BROUGHTON STREET, CHEETHAM HILL, 7.41AM
I was driving home and Joni Mitchell came on the radio. “Don’t it always seem to go, that you don’t know what you’ve got til it’s gone.” I sang along, of course, and then, when I’d got back and made a mug of strong tea, I was stirred to look revisit the folder of pictures from Not Quite Light that have had no work done on them, that are forgotten and perhaps destined to be forever deleted.
I happened upon this picture of Cheetham Hill, it hadn’t yet been despatched, and so I searched my journal for the notes that I’d made on the morning it had been taken, a day in October when I was apparently feeling rushed. I’d written “It was only after the lights had gone off, and I’d walked back to the car, did I realise that I’d missed the photograph I really should have taken. I was left feeling a bit irritated with myself for not looking more carefully”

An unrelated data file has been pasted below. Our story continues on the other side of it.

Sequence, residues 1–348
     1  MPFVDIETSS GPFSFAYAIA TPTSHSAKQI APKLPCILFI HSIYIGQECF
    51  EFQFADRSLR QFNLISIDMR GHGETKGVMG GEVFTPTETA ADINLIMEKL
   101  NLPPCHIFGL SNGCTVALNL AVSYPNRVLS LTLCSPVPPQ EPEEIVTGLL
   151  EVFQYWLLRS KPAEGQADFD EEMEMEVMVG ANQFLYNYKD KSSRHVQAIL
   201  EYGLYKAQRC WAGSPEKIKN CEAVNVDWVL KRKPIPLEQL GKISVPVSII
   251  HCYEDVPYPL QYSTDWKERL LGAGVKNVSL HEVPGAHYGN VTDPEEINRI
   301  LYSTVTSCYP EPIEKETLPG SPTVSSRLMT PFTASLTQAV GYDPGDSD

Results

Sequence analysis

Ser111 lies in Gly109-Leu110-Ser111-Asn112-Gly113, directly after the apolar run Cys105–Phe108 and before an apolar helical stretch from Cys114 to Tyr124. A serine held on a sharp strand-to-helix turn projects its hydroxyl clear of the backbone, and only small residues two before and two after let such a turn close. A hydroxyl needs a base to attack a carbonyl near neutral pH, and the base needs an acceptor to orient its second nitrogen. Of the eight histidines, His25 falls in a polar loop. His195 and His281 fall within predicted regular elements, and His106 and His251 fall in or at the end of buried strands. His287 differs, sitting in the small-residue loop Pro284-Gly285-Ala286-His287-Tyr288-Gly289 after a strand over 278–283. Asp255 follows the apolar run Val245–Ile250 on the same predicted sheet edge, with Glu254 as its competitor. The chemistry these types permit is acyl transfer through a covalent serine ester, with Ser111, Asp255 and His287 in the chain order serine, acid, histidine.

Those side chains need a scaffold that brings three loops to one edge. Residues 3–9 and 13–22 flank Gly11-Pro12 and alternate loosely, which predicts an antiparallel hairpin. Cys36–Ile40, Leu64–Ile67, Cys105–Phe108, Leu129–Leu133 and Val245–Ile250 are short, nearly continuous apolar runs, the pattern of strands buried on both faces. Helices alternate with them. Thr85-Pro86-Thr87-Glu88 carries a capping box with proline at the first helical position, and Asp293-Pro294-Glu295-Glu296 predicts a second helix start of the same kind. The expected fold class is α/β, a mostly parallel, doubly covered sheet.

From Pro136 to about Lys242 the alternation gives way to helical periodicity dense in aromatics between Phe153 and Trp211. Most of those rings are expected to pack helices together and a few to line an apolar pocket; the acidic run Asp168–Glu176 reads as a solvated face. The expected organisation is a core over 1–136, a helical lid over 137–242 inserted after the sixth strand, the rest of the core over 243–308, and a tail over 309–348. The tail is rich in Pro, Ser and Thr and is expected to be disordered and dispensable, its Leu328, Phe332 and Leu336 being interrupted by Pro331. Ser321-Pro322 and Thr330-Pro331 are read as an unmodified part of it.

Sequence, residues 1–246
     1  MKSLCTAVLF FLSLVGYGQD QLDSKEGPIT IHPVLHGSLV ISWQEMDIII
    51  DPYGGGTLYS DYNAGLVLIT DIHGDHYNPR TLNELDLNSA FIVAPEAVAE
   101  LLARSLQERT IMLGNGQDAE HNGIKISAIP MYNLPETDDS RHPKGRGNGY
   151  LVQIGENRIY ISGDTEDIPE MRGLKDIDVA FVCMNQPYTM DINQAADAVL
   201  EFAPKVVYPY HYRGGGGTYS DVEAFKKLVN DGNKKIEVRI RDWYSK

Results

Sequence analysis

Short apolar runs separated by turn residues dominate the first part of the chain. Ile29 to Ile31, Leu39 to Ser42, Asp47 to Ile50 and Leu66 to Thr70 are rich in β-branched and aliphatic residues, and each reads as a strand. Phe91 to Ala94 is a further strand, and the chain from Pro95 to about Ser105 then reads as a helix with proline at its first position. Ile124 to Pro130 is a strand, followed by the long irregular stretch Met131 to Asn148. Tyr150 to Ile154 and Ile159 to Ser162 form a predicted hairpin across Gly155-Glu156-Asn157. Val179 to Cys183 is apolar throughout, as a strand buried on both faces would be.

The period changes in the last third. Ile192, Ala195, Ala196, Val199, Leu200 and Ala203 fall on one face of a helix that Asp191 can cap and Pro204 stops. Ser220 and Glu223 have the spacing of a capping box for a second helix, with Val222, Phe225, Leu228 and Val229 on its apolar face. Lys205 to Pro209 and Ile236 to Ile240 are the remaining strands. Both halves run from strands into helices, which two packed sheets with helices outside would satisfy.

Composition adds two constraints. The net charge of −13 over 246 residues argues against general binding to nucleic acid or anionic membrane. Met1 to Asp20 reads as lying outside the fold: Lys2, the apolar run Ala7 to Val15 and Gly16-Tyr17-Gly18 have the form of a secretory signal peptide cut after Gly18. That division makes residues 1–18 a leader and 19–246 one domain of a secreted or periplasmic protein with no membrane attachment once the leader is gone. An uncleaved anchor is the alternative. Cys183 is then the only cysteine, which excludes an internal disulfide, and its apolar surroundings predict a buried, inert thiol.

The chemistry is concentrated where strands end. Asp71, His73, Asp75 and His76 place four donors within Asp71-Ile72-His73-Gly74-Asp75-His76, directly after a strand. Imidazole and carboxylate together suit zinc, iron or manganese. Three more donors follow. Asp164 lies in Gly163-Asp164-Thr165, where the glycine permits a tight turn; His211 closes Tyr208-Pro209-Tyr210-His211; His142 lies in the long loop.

I’d therefore, probably, dismissed this image as being irrelevant and had built up a certain blinkered prejudice as it didn’t conform to the arbitrary criteria that I’d set myself for this project, such as the fact the street lamps weren’t on.
Now, at the start of 2016, I stared at the shuttered businesses, bathed in the warm light of the past. With each dawn comes fresh hope, and these wholesale businesses were yet to begin their day of trade. Only a few minutes earlier the pock marked tarmac would have been under a sodium, orange glow, and my opinion of the picture would have been very different. Soon this part of Manchester will become attractive to the developers massing in the nearby city centre. One day these places of endeavour will remain closed and then be destroyed. If nothing else, the photograph deserved to survive and see the light of day as a record of what they took away before it all changed.
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